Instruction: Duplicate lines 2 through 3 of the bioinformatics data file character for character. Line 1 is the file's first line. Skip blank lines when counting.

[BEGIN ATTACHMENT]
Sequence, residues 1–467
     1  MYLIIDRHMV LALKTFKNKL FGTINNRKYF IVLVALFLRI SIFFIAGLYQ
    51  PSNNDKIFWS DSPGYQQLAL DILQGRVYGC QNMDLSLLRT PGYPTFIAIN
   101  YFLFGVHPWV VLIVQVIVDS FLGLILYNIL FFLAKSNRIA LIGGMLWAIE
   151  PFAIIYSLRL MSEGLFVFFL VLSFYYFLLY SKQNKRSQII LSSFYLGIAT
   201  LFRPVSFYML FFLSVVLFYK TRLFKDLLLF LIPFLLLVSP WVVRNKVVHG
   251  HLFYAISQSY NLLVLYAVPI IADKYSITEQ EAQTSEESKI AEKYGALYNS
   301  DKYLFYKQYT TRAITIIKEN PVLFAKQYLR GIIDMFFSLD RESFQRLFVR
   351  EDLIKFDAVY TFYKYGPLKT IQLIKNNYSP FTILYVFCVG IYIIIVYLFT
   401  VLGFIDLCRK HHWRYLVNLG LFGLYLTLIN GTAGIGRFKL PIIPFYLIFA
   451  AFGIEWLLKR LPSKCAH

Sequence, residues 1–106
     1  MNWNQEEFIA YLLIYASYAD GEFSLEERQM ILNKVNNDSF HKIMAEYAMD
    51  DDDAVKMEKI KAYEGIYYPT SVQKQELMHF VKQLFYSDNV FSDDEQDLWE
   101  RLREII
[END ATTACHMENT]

     1  MYLIIDRHMV LALKTFKNKL FGTINNRKYF IVLVALFLRI SIFFIAGLYQ
    51  PSNNDKIFWS DSPGYQQLAL DILQGRVYGC QNMDLSLLRT PGYPTFIAIN